Energy and mineral resources "belong to the state; they are not private property," said the defense minister, echoing Primakov, as well as the years-long campaign by Academician Dmitri Lvov on this point.

An array of enforcement measures is on the table, some of them announced, others rumored by government and Kremlin officials, and in the press.

In the wake of Khodorkovsky's arrest, the usually liberal Finance Minister, Aleksei Kudrin, promised to close the tax loopholes exploited by Yukos. The government went to the Duma about closing the internal low-tax zones—the ones Primakov referred to—and to lift a ceiling on oil export duties. Raw materials analyst John Helmer, in a series of articles published in November in The Russia Journal and the Asia Times, reported hints at reviving a plan circulated last year by Dmitri Kozak—who has just been promoted to first deputy chief of staff for Putin—to change the ownership of raw materials in Russia. It would keep energy resources and minerals in the status of state property until they are sold, rather than their becoming the property of the extracting company as soon as they are above ground, as is the case now. There would be a greatly expanded possibility for taxation and licensing fees.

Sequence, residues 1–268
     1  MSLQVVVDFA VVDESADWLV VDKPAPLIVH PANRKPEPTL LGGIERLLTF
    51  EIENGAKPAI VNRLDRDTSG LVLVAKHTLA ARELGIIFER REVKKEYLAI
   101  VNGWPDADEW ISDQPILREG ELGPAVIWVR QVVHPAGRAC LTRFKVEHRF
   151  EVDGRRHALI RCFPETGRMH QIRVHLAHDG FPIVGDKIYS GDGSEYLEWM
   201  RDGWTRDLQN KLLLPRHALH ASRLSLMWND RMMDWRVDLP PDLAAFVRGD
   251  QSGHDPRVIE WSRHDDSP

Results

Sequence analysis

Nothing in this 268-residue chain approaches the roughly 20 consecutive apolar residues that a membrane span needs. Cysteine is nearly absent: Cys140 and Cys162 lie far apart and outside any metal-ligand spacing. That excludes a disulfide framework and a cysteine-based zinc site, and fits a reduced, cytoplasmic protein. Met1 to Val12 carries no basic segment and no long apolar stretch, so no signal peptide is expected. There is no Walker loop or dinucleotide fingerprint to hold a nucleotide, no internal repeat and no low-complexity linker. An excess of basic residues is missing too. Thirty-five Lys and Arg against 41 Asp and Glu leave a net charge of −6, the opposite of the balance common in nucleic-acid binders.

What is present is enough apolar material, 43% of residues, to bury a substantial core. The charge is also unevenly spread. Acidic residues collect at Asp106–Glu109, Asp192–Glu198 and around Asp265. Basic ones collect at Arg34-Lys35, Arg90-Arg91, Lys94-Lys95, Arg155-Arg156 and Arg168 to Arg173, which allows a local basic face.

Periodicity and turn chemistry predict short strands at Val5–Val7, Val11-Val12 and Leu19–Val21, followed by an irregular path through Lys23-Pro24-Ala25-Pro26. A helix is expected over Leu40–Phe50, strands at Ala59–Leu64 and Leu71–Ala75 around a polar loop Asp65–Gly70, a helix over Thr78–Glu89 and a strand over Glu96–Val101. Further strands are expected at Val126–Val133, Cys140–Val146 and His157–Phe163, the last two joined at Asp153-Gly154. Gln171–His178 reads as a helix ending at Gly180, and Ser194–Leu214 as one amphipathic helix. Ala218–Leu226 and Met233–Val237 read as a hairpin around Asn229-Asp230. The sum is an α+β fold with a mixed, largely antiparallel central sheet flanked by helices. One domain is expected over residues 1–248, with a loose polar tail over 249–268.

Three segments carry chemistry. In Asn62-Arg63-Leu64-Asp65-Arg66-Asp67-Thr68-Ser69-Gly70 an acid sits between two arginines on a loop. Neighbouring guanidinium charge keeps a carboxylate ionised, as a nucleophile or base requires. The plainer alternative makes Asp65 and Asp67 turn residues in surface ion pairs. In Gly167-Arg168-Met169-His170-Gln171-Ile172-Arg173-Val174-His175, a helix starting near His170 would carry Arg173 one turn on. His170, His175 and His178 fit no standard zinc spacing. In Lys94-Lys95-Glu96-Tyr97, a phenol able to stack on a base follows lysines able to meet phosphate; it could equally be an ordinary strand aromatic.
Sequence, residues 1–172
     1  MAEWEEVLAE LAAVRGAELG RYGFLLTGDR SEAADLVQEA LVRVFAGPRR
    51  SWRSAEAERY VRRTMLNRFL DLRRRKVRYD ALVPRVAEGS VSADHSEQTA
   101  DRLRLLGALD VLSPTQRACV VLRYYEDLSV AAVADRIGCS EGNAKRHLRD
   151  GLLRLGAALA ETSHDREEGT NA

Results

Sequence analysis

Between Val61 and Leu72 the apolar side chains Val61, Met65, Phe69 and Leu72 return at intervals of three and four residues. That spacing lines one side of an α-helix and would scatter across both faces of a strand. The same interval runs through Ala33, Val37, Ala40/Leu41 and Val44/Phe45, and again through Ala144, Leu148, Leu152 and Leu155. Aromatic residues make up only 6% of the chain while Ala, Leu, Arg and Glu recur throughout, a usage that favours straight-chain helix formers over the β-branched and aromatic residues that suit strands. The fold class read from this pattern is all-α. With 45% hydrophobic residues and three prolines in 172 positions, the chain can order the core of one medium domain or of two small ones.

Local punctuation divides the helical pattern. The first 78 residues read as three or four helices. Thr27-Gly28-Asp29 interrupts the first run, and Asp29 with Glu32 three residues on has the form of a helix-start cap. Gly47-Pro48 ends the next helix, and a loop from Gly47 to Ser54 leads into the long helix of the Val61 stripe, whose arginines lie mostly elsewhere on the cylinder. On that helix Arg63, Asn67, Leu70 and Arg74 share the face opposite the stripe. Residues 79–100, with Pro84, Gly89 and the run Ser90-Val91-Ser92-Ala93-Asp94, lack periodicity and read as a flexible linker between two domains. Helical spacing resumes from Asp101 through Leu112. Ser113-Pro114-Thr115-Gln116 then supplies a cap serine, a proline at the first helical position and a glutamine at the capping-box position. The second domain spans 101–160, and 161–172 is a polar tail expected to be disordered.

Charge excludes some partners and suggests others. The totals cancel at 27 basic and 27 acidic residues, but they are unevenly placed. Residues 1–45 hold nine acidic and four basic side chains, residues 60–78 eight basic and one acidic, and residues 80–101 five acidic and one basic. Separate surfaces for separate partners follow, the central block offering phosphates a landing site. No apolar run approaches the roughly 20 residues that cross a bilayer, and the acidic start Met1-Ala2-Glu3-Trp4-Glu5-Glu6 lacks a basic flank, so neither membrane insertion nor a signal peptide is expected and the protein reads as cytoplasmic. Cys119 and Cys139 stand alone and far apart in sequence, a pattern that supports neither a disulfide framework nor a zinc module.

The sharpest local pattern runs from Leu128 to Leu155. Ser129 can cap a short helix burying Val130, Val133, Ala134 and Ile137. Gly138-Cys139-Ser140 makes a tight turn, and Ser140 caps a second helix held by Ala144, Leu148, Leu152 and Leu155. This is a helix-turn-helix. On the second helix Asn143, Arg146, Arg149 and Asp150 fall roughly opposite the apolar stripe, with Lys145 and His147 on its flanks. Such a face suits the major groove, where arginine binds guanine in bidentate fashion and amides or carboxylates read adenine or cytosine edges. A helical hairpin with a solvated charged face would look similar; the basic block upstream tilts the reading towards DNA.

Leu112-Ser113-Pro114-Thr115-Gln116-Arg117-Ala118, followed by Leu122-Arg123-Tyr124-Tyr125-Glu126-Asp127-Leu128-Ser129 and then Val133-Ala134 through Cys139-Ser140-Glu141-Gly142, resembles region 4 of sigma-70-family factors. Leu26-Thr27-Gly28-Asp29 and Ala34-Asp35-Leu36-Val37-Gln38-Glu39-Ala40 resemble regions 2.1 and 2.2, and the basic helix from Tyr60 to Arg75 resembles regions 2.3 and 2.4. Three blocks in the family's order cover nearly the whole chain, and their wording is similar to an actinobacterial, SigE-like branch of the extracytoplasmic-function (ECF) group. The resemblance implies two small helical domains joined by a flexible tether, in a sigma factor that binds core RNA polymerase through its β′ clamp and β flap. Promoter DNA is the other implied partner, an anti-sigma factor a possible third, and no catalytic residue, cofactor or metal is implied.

Fraught with even farther-reaching implications was the proposal by Deputy Prosecutor General Vladimir Kolesnikov, at a Nov. 12 conference on combatting pirated goods, that Russia's Central Bank should "become a state agency, subordinate to the government or the President of the country," rather than modelled as an independent institution.